We also have an “outdoor” play space for Coco – and I have places a “screen” of chicken wire I bought at the Reno Depot for 10 bucks over it. I figure this will prevent an attack from above – what do you all think?


    • Beeslee
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      OMG! So scary!!!!!! I’m sooo glad your buns is ok! Big buns hugs to feel better soon!

      When I found Bunykins she was so lucky because it was in an area with hawks, coyotees etc. Every day I look at her and wonder why someone would dump her in the middle of nowhere and knowing that she would have never made it overnight in the woods. My friend who I was visiting in upstate NY when I found my buns had her kitty attacked by a hawk. She knew what happened because she saw the claw marks on her kitties back with a big bite mark (open wound area and missing fur) around her neck area where it looks like it tried to hold on to the kitty with it’s beak. Her kitty was very lucky that day. She now keeps her inside because of this. Very scary that they are so brave to swoop down on our pets!


    • PeppersMama
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      my aunt used to let her 3 pound yorkie out in her back yard and she would just sit on the patio while the dog played, until a hawk decided to swoop down and try to get her! the dog (Halle) was fiesty enough to make the hawk drop her before he could even take off again, but now the dog gets to go outside on a leash only and she watches her very carefully!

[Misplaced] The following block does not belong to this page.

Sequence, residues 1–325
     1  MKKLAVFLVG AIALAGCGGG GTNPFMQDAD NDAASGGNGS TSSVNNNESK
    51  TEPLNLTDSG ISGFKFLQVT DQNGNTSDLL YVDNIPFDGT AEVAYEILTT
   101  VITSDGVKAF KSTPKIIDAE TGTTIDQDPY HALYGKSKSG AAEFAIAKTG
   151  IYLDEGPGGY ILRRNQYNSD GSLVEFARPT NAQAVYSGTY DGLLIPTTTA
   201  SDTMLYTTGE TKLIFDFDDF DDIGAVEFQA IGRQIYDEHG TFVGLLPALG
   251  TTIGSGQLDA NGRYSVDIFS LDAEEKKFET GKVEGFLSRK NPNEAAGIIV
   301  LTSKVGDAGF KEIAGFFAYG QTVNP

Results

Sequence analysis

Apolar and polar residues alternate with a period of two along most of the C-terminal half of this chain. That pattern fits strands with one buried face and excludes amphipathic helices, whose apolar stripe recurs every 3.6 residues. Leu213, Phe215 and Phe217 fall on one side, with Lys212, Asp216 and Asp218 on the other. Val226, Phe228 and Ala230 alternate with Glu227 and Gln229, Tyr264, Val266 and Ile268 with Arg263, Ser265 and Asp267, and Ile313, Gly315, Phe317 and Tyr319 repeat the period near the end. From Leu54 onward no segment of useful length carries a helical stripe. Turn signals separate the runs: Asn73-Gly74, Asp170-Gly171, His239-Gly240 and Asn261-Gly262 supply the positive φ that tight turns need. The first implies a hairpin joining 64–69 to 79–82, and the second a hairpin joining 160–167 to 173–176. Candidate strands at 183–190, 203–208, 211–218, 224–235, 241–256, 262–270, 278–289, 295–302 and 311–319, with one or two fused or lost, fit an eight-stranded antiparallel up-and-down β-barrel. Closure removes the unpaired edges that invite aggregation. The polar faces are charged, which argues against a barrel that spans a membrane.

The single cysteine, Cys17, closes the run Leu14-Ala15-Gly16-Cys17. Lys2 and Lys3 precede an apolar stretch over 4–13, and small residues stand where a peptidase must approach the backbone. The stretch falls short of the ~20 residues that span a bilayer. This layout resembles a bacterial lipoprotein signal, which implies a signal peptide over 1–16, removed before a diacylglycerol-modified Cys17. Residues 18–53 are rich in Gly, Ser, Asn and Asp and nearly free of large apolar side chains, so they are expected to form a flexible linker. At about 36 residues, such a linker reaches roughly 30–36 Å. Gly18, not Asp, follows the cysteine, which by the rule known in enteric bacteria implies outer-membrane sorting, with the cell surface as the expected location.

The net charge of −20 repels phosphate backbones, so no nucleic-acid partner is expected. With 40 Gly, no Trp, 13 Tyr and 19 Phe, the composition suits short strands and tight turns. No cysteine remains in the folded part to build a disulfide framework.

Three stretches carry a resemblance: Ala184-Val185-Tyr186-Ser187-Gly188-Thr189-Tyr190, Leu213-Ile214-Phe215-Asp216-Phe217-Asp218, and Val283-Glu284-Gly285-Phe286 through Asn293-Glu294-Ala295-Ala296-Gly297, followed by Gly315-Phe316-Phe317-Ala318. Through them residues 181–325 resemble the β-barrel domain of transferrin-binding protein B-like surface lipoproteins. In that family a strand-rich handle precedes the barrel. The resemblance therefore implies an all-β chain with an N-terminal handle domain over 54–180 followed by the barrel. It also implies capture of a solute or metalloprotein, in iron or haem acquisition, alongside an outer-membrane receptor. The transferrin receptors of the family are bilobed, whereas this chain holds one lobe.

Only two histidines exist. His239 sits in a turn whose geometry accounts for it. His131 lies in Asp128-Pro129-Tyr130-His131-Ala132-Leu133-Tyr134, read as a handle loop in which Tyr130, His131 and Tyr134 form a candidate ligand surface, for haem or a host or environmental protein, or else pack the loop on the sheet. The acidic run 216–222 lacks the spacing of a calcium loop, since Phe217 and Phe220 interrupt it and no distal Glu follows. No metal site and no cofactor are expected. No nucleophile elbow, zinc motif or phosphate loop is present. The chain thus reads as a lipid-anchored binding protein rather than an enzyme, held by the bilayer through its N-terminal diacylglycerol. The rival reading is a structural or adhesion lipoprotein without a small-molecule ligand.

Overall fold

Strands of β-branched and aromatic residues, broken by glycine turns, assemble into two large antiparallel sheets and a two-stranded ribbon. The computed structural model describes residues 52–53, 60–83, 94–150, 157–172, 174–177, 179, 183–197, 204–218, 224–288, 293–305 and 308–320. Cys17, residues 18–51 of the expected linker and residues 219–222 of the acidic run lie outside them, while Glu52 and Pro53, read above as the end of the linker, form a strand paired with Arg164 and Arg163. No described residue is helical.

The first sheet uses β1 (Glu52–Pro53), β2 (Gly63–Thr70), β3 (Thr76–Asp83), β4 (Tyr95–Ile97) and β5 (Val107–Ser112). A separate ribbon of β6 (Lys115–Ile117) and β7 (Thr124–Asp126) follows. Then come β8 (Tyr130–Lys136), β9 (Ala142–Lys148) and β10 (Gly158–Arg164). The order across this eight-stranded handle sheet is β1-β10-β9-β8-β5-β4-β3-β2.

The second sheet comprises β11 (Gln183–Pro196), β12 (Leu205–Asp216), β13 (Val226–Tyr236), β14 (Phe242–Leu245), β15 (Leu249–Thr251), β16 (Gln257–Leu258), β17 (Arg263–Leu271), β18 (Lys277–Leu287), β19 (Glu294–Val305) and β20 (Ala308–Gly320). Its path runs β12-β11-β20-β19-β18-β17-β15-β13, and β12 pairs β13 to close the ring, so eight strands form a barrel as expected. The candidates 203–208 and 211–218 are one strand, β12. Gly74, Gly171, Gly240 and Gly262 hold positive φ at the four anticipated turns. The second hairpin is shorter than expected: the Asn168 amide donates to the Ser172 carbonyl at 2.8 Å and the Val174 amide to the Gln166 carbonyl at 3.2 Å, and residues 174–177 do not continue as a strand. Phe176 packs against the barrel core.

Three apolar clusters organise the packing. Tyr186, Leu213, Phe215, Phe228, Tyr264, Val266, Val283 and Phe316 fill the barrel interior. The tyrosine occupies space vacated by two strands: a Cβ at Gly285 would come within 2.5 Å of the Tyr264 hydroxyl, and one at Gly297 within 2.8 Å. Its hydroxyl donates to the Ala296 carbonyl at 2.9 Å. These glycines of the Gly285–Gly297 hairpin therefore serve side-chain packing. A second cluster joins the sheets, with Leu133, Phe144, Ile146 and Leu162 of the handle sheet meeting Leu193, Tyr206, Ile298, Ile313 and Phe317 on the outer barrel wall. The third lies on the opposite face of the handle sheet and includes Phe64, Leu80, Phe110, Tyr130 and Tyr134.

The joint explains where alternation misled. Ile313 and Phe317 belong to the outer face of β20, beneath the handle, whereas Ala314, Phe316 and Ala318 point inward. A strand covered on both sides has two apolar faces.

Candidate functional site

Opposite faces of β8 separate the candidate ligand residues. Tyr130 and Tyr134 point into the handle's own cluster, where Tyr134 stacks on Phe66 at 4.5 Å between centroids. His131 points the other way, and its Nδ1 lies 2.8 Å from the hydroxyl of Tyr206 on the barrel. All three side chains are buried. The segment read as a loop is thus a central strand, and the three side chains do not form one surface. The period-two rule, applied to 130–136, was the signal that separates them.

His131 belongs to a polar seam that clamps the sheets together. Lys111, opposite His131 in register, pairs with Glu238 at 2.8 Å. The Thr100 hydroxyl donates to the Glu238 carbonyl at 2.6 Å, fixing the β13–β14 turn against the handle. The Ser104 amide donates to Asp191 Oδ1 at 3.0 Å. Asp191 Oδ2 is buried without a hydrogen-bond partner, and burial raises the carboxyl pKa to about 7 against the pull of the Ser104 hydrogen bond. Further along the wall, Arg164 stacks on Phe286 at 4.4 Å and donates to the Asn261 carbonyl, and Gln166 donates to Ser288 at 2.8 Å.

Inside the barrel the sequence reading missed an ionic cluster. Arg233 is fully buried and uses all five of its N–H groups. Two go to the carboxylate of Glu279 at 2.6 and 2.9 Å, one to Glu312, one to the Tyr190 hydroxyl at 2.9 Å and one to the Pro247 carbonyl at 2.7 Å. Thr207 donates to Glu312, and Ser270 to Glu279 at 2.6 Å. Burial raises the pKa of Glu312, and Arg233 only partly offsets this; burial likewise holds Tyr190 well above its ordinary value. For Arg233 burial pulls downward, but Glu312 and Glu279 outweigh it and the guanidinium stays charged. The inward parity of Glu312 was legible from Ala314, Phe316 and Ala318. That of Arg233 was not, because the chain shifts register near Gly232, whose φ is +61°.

• BinkyBunny
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      peppers mama – SCARY! And that’s WITH your Aunt nearby watching, and the hawk still brave enough to swoop down? (shivers)


    • PeppersMama
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      yeah i know definately scary, luckily the little girl wasnt hurt!

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Forum DIET & CARE WARNING Re: Bunnies and the Outdoors!